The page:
Every cat parent’s been there: Your beloved feline needs to take a trip to the vet, but as soon as you put them in a cat carrier the meows and protests begin. My own cat makes a sound reminiscent of a cow’s moo — and it tugs at my heartstrings every time I hear it. I’ve always wondered if there was a better way to transport a cat than in a cage-like carrier. Turns out, there is an alternative: the cat backpack.
This quirky carrier is exactly what it sounds like: a specially-designed backpack that allows you to carry your cat with ease. Lately, I’ve seen them everywhere. I reached out to some experts to find out if they’re good for cats.
Do cat backpacks work better than traditional carriers?
So, why should you consider putting your cat in a backpack instead of a carrier? “The idea of a cat backpack versus a regular carrier is increased practicality and easier mobility,” explains Dr. Paola Cuevas Moreno, a veterinarian who consults for the cat furniture brand Hepper. She believes that cat backpacks offer benefits that regular carriers cannot, “especially during long distances when extra weight distribution is an advantage, or when the person has to move around limited spaces.” However, she says, “the real advantage is more for the owner than for the cat: the ease the cat backpack offers creates more bonding opportunities.” In a backpack, a cat is physically closer to their human parent (you can even wear the backpack on your front, baby carrier-style) and they can get a better sense of their surroundings.
Carrying a cat hands-free is also easier for owners than a traditional carrier, which requires a person to hold the straps in their hands or sling them over their shoulder. Your cat may even feel more at ease due to the increased visibility: most cat backpacks have plastic or mesh windows that allow them to peer out. Conversely, seeing more might trigger anxiety in some cats — so consider your pet’s personality before buying a backpack.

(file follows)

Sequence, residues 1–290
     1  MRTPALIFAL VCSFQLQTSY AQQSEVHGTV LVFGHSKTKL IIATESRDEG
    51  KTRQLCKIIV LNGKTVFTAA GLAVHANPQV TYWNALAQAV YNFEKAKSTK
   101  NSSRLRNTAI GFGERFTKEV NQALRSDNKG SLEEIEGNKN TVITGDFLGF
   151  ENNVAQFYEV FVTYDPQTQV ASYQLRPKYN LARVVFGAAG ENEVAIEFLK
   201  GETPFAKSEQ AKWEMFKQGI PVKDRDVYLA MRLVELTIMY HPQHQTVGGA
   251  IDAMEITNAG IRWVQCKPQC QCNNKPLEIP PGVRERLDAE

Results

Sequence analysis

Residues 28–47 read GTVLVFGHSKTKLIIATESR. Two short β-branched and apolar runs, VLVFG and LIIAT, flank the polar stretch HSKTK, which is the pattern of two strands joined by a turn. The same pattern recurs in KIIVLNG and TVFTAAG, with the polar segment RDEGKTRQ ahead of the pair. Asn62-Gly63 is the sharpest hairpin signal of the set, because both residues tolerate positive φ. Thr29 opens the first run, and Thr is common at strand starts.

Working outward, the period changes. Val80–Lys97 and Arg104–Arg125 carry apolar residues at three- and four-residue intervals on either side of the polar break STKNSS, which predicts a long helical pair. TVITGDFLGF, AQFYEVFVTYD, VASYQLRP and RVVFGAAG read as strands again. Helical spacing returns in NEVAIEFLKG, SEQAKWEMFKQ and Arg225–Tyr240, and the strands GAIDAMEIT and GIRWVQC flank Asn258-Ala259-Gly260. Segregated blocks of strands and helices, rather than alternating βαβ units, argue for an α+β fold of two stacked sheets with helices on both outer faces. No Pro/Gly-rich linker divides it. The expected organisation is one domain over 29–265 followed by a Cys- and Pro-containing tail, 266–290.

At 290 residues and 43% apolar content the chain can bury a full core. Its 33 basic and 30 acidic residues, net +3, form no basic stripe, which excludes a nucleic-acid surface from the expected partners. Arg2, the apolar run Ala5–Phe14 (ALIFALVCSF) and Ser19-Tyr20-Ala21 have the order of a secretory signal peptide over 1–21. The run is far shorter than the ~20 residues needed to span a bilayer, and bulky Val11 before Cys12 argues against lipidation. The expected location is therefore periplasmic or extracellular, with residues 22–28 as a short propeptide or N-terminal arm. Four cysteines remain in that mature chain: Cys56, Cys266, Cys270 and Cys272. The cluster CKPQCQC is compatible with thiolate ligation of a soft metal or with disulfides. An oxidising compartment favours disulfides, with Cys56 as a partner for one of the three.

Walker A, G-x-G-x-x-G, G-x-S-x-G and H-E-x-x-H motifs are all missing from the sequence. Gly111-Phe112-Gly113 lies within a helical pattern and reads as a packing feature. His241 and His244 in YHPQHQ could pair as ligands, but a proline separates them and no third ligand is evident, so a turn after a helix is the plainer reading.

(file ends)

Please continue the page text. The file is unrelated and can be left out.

How can I introduce my pet to the cat backpack?
As with any carrier, a cat needs to be “properly desensitized and introduced” to it first, so that they “recognize it as a safe space,” recommends Dr. Cuevas Moreno. Whether you’re using a traditional carrier or a newfangled cat backpack, make sure to let your furry friend get a feel for it before you leave the house. Let them sniff and explore it a little on their own (if they’re willing), and make sure to offer them plenty of treats so they have positive associations with the bag.
“Introducing your cat to a carrier backpack can be a big adjustment for them,” says Dr. Sophie Whoriskey, a veterinarian and pet expert author at FluffyDoodles.com. “It’s important to take things slowly and give them time to get used to it. Once they’re comfortable going in and out, you can start taking them on short trips.” Just don’t keep your cat in the backpack for too long, and watch for any signs of discomfort.
Dr. Cuevas Moreno agrees that a cat shouldn’t be left inside a backpack for too long without a break. Additionally, she advises that you don’t leave your cat unattended or force them to stay in the backpack if they appear stressed. Remember, cat attributes vary greatly; some cats can happily be picked up and taken anywhere, while others aren’t going to like being transported in any form — and that’s okay.